Access code 96 indicates that within a group of records there exists more than one type of access condition. For example, since the Department of Transportation fonds (RG12) contains records that are open (code 90) and others that are restricted (code 32), the fonds-level access condition are indicated by “restrictions vary” (code 96).

A sample record description in the Archives Search database displaying access code 96: RESTRICTIONS VARY.

Access code 96 can be applied to more than just fonds-level descriptions. It can also be linked to series, sub-series and accessions. However, it does not apply to individual volumes and files.

Remember

Access code 96 usually means that there are more specific descriptions available for the records you are researching. In some cases, these records can be accessed by simply clicking on the “lower level descriptions” link in the “Fonds consists of” section of a record description.

A sample record description in the Archives Search database displaying the FONDS CONSISTS OF ROW.

In other cases it will be necessary to consult a printed finding aid. To learn more, read our post Discover Finding Aids.

To be determined / closed pending processing (Code 99)

Access code 99 means that the access conditions for a group of records have yet to be determined. Usually this is because the records are being processed. In the following example, while the photographic material is open, the access conditions for the textual records have yet to be determined:

A sample record description in the Archives Search database displaying access code 99.

Open, no copying (Code 95)

Access code 95 indicates that the records are open and can be consulted, however, at the request of the donor, the records cannot be copied or reproduced.

A sample record description in the Archives Search database displaying access code 95.

Questions or comments? We would love to hear from you!

Do you want to search only LAC collections… or those of many libraries across Canada?

Have you been using Library Search and noticed that you’re seeing results for materials that aren’t actually held by Library and Archives Canada (LAC)? Are you wondering how to limit your search to just materials in LAC’s collection?

Library Search is built on AMICUS, the Canadian national catalogue. As a national catalogue, AMICUS lists published materials held not only at LAC, but also those located in over 1,300 libraries across Canada.The default search option for Library Search is to search everything in AMICUS, not just LAC’s collections. This means that by default, you search all holdings listed in all the libraries that contribute to AMICUS. If you want to search only what LAC holds, change the “Search in:” option to “LAC Catalogue”:

Colour image of the Library Search function in Library and Archives Canada’s Library Search database.

Library Search function in Library and Archives Canada’s Library Search database.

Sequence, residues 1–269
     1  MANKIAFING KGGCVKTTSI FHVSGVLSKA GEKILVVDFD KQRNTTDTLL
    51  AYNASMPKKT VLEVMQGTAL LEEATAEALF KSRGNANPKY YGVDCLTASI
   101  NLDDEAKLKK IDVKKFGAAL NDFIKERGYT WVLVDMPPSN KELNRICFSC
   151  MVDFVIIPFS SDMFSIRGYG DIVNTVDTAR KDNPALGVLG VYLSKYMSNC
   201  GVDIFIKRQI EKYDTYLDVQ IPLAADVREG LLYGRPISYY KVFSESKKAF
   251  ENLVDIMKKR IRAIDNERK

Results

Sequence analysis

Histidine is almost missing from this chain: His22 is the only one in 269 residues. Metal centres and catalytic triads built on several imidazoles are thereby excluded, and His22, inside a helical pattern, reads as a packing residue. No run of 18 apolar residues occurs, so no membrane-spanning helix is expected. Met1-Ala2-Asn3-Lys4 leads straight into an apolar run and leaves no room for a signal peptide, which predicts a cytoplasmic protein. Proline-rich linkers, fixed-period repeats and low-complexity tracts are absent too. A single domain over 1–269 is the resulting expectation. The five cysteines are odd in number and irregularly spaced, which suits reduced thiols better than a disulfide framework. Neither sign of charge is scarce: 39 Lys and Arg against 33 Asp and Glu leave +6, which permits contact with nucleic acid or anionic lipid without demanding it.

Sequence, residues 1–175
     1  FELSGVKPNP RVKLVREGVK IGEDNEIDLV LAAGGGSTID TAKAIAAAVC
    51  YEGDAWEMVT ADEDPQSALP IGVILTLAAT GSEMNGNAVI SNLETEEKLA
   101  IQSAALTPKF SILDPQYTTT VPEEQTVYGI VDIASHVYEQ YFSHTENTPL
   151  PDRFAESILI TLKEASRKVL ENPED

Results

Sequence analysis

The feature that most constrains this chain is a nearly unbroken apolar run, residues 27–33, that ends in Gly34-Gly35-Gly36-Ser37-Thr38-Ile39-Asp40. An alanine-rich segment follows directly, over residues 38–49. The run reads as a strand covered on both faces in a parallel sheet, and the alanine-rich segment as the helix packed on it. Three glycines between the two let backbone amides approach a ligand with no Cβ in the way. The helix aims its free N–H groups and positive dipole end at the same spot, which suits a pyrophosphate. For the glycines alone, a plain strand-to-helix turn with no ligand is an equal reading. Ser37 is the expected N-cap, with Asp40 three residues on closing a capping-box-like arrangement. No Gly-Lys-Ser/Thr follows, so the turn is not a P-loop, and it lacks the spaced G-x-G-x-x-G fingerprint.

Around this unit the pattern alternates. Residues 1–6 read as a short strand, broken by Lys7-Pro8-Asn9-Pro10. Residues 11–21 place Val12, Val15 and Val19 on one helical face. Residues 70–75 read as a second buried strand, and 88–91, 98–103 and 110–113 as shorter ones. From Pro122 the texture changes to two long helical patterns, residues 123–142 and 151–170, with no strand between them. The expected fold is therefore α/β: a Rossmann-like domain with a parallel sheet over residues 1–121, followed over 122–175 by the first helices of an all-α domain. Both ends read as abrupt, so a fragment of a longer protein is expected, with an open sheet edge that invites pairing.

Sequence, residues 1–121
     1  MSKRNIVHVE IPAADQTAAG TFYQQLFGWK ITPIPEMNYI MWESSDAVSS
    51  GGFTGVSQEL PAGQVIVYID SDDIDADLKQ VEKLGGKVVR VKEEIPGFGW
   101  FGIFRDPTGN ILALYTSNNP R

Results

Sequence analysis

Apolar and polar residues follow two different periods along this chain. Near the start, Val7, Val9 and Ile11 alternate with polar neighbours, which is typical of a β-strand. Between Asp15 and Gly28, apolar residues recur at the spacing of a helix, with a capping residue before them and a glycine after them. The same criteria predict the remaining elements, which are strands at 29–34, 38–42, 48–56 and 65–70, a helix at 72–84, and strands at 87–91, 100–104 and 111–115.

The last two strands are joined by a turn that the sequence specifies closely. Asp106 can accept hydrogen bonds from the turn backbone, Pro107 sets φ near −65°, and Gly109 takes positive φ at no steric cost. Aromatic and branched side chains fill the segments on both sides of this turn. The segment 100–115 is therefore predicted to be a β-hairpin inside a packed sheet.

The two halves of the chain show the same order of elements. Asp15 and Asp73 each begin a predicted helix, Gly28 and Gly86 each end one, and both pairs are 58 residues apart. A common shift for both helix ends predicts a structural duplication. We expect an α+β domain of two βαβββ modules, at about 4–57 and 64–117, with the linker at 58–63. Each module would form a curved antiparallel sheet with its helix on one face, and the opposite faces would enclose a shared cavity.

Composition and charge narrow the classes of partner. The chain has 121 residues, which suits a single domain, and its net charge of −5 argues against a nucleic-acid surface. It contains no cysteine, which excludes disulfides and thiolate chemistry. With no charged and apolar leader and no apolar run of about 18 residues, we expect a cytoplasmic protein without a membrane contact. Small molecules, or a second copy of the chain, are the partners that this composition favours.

You can also limit your results from the results page using the “Found in:” option on the right-hand side of the search results:

Image of the Library Search function displaying various locations and search result numbers

Image of the Library Search function displaying various locations and search result numbers.

The LAC catalogue does contain a small number of catalogue records for items we do not hold. We include the catalogue records for reference purposes. If you do not see “NLC Copies” near the top of the catalogue record, it is possible we do not hold that item. If you’re unsure whether or not we hold an item, please use our Ask Us a Question form to request clarification.

Questions or comments? We would love to hear from you!

How to Search for Images Online

Did you know that you can search for images in our collection online, simply by using a “copy negative number”?

What is a copy negative number?

Copy negative numbers are used to identify a photograph or a work of art in our collection. They usually start with a C-, a PA-, or an e number, such as:

  • C-041979
  • PA-005001
  • e002505688

Copy negative numbers are usually included along with the image in the photo credit in books, articles or online.

So what do you do if you have found a copy negative number, in a book or online, and would like to know if Library and Archives Canada holds this image? How do you get to the image’s description in our database?

It’s simple, just follow these tips:

You can search Archives Search by copy negative number; however, there is a trick to it…

  • C- and PA- numbers must have six digits after the hyphen in order for our database to recognize them.
  • Zeros should be added at the beginning of a shorter number to create a number with six digits. For example, if you see PA-5001 you need to enter PA-005001.
  • Copy negatives starting with an “e” do not follow the six-digit rule (they do not require a hyphen either).